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Can we share some success stories? It would be nice to know what is working


#1

It would be great to read some stories of the successes that have happened or are happening.
For me I can say that I had a two year period of my daughter having a great life by using Profrontal, a natural product that is simply 2 amino acids. I would like to see that again soon. She is 28 and does not recognize she is ill so it is going to be a journey. Thank you for anything you can share


#2

My son is now on invega and in the transition house. He will likely come home end of the week. He’s been exploring other options for housing and talking about getting a job. He communicates with me now and can have somewhat normal conversations as of yesterday.


#3

My mid-30’s daughter, diagnosed for 1 year now, had almost complete remission of all symptoms during her 4th forced hospitalization and a month long injection. During that month, she got a job and had a normal, if not great, life. It taught me that success is possible.

She is now unmedicated, sees no doctors, but has a part time job (I found it for her by seeking employers who hire special needs adults) and lives alone in a trailer on the property (which is an improvement over no-work and waking us at night screaming in my home to her voices).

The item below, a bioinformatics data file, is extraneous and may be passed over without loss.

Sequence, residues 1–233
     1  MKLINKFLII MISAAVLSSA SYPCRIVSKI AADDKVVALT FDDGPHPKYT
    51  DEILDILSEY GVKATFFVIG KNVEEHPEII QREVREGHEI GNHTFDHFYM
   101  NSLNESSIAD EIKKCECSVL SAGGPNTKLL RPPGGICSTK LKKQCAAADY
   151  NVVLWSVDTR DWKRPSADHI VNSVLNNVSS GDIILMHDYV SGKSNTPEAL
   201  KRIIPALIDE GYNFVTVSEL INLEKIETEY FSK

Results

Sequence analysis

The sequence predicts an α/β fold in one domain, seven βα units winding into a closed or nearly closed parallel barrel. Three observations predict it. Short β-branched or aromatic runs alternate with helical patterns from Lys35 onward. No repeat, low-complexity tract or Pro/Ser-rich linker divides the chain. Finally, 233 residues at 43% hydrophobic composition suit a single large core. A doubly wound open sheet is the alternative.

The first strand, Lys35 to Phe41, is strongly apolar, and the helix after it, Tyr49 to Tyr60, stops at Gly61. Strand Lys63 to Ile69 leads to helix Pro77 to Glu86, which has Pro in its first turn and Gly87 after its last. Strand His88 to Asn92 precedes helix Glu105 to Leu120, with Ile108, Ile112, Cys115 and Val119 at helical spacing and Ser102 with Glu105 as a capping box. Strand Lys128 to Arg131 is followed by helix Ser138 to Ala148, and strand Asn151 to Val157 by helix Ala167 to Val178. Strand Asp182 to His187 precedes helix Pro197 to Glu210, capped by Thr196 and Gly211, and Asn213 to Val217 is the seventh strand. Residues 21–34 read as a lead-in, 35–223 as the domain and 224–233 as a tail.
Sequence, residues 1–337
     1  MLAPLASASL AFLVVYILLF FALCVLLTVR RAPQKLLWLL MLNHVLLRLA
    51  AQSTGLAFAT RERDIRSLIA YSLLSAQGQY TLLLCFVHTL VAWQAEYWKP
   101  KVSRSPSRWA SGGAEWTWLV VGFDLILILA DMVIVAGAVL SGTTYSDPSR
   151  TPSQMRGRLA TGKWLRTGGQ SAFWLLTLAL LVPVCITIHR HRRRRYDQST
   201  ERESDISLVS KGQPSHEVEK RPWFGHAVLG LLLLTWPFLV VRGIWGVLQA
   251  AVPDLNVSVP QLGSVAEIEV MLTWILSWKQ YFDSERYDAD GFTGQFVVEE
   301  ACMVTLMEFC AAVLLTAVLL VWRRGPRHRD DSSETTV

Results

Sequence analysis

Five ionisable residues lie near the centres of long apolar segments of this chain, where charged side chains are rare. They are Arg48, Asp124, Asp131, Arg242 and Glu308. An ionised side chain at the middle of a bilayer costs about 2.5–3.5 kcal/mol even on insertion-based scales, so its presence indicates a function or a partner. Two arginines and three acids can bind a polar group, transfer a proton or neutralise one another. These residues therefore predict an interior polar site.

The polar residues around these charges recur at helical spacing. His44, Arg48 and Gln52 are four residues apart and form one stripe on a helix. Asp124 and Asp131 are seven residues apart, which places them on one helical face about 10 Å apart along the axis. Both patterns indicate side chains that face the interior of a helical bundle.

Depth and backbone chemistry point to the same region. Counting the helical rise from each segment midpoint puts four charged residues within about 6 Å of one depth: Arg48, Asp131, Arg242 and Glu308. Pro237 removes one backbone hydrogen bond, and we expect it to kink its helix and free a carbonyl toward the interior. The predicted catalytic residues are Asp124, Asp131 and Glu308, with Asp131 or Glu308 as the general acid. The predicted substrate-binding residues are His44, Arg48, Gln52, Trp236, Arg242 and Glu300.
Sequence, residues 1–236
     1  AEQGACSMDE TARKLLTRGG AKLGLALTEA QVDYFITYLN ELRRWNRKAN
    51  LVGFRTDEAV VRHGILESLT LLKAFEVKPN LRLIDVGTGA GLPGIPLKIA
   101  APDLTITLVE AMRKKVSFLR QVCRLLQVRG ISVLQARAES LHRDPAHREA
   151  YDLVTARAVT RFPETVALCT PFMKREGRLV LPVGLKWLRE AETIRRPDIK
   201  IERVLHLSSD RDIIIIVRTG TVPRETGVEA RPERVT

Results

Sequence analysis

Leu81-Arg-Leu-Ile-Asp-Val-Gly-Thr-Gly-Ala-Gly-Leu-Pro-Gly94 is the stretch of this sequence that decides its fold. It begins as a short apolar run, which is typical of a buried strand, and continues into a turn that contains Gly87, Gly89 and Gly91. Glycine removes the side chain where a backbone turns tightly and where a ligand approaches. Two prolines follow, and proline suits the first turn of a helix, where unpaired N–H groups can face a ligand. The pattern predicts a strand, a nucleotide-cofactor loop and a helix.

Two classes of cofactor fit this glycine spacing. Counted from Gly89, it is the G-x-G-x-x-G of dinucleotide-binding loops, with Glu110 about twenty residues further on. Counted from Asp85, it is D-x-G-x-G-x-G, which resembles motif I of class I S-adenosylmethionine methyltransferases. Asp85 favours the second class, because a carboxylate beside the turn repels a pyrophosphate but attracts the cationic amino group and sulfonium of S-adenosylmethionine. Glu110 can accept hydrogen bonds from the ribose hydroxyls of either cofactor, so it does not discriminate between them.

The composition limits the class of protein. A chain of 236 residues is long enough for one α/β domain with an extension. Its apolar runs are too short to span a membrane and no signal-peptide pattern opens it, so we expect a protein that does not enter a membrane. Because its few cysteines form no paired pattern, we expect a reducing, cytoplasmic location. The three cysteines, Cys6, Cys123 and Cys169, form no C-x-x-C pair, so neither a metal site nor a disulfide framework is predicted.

Although we haven’t beaten this awful disease, we have a working new normal. I ignore her weird comments, but spend time “talking”, I am over my resentment at having to pay for her existence as the alternatives are just not workable, she again tells me that she loves me, and we separate rather than argue when moods are volatile. She responds best to one simple communication at a time (like “open your door, I have your dinner”, not “what do you want for dinner” and “let’s go for a walk”, not “would you like to go out?”)

Life is so much better than it was one year ago. I still long for the “old” (before illness) her, but can see the “new” her and we both have adjusted.


#4

Thanks for sharing , that is very interesting and good to know . I will do some research on it for my son who’s on abilify . It’s been over a year now and he is stable , still no insight but taking meds , hw is in college , he got an A in English which I was so pleased to hear as he could only cope with one class a semester. We get on much better as he doesn’t live with me . He lives 20 min away from me in a student dorm with other room mates . Was a struggle at first as he believed one of his room mates were trying to poison him and believed people were coming in his room . Was a complete scary experience for me and I’m sure frightening for him . we upped his meds and now he’s doing much better , he’s on 20 mg of Abilify. I’m always looking for A natural alternative . His probation is over next month and I’m just praying he will continue his meds as right now he’s only taking his meds because he’s on probation and he has to comply .


#5